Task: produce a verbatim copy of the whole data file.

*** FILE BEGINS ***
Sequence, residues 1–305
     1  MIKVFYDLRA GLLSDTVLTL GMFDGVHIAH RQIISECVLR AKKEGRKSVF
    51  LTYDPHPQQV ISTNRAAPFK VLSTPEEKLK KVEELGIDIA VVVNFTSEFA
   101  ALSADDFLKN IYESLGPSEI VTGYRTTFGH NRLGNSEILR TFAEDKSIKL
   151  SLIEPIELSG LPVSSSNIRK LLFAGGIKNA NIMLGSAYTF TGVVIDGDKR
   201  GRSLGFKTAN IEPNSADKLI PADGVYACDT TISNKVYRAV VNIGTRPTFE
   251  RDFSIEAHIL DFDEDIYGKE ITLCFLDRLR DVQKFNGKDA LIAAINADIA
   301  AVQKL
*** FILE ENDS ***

Sequence, residues 1–305
     1  MIKVFYDLRA GLLSDTVLTL GMFDGVHIAH RQIISECVLR AKKEGRKSVF
    51  LTYDPHPQQV ISTNRAAPFK VLSTPEEKLK KVEELGIDIA VVVNFTSEFA
   101  ALSADDFLKN IYESLGPSEI VTGYRTTFGH NRLGNSEILR TFAEDKSIKL
   151  SLIEPIELSG LPVSSSNIRK LLFAGGIKNA NIMLGSAYTF TGVVIDGDKR
   201  GRSLGFKTAN IEPNSADKLI PADGVYACDT TISNKVYRAV VNIGTRPTFE
   251  RDFSIEAHIL DFDEDIYGKE ITLCFLDRLR DVQKFNGKDA LIAAINADIA
   301  AVQKL